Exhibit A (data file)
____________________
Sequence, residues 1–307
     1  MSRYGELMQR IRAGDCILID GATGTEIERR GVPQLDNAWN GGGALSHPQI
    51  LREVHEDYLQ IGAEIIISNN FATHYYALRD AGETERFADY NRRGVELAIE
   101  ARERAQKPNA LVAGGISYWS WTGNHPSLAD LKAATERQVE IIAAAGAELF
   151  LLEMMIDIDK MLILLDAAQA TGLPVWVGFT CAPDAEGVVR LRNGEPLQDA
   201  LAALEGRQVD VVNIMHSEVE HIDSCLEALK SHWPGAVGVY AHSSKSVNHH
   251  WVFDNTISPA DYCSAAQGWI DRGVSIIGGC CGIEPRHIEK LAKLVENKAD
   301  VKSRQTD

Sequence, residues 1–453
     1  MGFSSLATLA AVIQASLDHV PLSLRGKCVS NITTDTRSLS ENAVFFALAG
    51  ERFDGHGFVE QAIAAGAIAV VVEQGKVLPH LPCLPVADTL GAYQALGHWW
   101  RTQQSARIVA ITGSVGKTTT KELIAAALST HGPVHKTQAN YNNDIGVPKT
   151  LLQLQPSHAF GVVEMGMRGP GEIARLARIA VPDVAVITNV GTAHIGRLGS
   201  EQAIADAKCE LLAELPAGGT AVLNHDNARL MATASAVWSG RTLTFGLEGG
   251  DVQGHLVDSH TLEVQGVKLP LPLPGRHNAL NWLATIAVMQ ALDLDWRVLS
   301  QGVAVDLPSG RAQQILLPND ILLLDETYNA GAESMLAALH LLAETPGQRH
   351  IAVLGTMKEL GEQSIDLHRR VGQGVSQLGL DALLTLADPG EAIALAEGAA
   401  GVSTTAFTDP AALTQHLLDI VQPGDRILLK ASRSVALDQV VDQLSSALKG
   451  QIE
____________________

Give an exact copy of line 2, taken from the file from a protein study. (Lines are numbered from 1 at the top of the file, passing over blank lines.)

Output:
     1  MSRYGELMQR IRAGDCILID GATGTEIERR GVPQLDNAWN GGGALSHPQI